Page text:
I really shouldn't be talking chocolate as I'm probably just crashing from the sugar high I inflicted upon myself over the weekend. It was cold, I was unwell and mopey, so there were hot chocolates, Lindt hot chocs at that, in the big blue tins, with marshmallows, and I discovered, sadly, that one can indeed have too many hot chocolates in a single weekend. Oh dear.

But what hot chocolates, and, as I was grumpy and crampy, with a medicinal splash of Glenfiddich. See if you can stop at just one (though you really ought, take it from me).

Still, it cheered me up a bit. In between catching up on missed telly (Dr Who!) and the washing (all still hanging up, damp) and pc woes and sorting out old papers, it was a rare treat. Shame about the pc being difficult, I should have liked to have typed stuff up, but, whatever. I wasn't up to struggling, so I just caught up on several week's worth of Dr Who, including the Silurian one. Not a fave, but it hit enough old school points to make it passable, especially the Pertwee era, oh my, yes, especially the green glowy venom, looking not unlike that insect bite I got that Xmas, you know, the one where the pharmacist (the only medical assistance available on Boxing Day) leant in, squinted and said those words you never want to hear: "I think there's something in there." Anyway, I always said the bite looked like something out of Pertwee era Who, and if you've not seen Pertwee era Who, well, now you've seen the homage, so you'll get the idea. As in: yikes!

The Vincent one I still adore. Even without the wish fulfilment story (Vincent finds out that he actually wasn't too shabby paintwise) or the most fidge magnets to feature in a single episode - smirk, there's just the classic conceit of the invisible monster, that was, for the most part, only featured in mirrors and windows when it did feature. If nothing else, the GFC has hopefully signalled a return to a more creative use of FX, because, I tell ya, an invisible monster chasing the Doc was way scarier than fleets and fleets of cgi'd flying saucers. I'm just saying. Aside from serving the story better, it makes the episode less cringeworthy down the track when the now lamentable cgi monster is viewed. It's not the centrepiece and thus won't bring down the episode, if you know what I mean.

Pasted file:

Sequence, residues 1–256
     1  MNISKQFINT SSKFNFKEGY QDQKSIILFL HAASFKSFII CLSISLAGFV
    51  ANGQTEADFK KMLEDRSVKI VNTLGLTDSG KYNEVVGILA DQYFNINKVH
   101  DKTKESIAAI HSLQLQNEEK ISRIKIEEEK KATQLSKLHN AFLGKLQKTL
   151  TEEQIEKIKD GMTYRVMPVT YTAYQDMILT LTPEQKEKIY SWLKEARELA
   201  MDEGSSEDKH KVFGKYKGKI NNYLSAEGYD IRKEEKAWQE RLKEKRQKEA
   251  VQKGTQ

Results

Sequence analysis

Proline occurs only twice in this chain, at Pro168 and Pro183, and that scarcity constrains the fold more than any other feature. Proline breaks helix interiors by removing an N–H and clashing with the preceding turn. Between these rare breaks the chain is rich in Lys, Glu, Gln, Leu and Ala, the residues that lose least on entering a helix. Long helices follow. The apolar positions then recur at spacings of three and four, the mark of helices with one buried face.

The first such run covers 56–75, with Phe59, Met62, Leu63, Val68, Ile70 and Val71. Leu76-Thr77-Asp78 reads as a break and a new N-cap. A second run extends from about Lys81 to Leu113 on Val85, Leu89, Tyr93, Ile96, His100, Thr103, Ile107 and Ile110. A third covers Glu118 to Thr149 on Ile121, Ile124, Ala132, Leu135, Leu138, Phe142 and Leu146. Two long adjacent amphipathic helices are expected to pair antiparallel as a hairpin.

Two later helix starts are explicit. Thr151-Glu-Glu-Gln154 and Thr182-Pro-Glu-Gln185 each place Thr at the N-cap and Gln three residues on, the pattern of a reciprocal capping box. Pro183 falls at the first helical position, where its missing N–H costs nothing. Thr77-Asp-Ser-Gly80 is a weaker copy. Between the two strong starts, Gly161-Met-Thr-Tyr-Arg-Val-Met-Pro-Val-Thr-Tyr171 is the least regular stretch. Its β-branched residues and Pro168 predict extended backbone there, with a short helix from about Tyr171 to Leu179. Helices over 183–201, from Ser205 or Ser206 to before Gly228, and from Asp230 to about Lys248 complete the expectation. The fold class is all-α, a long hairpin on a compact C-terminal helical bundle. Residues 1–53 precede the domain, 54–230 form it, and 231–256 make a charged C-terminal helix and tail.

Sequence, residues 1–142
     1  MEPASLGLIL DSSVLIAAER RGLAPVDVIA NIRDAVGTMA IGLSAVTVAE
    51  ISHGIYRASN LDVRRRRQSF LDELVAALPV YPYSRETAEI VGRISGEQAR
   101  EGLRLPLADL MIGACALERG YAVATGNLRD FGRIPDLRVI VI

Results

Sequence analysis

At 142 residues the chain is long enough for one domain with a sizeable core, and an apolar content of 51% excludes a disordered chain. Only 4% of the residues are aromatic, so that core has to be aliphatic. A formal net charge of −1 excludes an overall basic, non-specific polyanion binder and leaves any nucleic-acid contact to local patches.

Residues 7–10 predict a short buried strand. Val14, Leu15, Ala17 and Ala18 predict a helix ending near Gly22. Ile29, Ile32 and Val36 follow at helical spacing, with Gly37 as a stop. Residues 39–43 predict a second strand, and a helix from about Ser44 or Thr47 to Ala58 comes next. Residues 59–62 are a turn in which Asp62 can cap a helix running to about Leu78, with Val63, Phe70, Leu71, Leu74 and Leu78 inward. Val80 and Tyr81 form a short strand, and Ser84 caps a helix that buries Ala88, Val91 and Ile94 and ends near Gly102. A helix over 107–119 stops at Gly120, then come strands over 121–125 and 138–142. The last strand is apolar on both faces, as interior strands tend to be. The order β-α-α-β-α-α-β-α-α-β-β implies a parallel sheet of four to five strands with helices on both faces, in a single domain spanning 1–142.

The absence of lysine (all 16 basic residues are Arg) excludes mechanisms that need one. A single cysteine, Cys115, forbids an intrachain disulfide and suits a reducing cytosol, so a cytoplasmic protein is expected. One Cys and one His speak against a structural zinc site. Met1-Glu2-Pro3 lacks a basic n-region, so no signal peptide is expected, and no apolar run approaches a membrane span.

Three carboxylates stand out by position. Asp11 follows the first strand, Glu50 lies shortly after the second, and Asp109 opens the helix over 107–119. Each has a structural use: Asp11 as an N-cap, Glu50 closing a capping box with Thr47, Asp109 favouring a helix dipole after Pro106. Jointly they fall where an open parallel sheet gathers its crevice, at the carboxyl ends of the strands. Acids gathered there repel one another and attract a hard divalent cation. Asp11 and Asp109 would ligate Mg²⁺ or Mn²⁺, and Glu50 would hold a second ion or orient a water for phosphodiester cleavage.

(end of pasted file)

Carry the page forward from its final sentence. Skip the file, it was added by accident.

Really, I think Dr Who, chips on both shoulders re the wobbly sets rep, has overdone it with the cgi in the past. They should learn from the masters that less is more, like when the rubber shark in Jaws was so rubbery they just kept it to a minimum, and it worked. More of that, please.

Another thing that has delighted has been a welcome return of Troughton era types gadgets, itself borrowing from Bond and his gadgets. Nevertheless, I like it, it makes Who seem more proper, somehow, for me. Keep it up. If nothing else, it means the literal deus ex machina isn't the bloody screwdriver every damn time.

And, oh yeah, Amy and Rory remind me a lot of Polly and Ben (no, I'm not old enough, they just played shitloads of ancient B/W Who back in '03 for the anniversary on the ABC and we taped, yes, taped, I have a bloody HDD now but back then it was taped, them all, so I've seen episodes not out on dvd) or maybe my most beloved Jamie and Zoe. My, did Jamie and Zoe snark and bitch, it's hilarious. No "Oh Doctor, you're so wonderful" from those two. Thank fuck. Alas, most of their stuff was wiped (cultural vandals!), but you can get the audio versions, which will have to do.

Ended up keeping an episode of High Chaparral I'd recorded because it was so inappropriate. I dunno, maybe it was just all our giggling after "man juice" that sent the episode spiralling downhill so much that anything after that caused guffaws, but, oh my, that show can be so wrong, I just can't believe they got away with it, I really can't.

And speaking of eyebrow raising westerns, best of the best was the old Zorro flick I recorded. I was watching the end of Philadelphia Story (it had been referenced sevreal times during the week, and there it was so why not?) and the tv said next up was The Mark of Zorro, staring Tyrone Power and Basil Rathbone and of course one just hits the record button, no questions asked. And what a corker. Bloody brilliant. Most fun I've had all week, as I watched it back the next morning inbetween loads of washing (all praise the pause button). Well, there was some extra textual fun with it being filmed on the set currently being used for Chuck (extra giggles as Zorro slips out the Morgan exit), and, man, who know the set from Chuck was so old? I knew it had been in Mannix, High Chaparral and Maverick, but, wow, 1940, eh? That's what you call historic. Or what I call historic, anyway. Zorro, lurking in the same shadows Bryce Larkin would lurk in - sweet!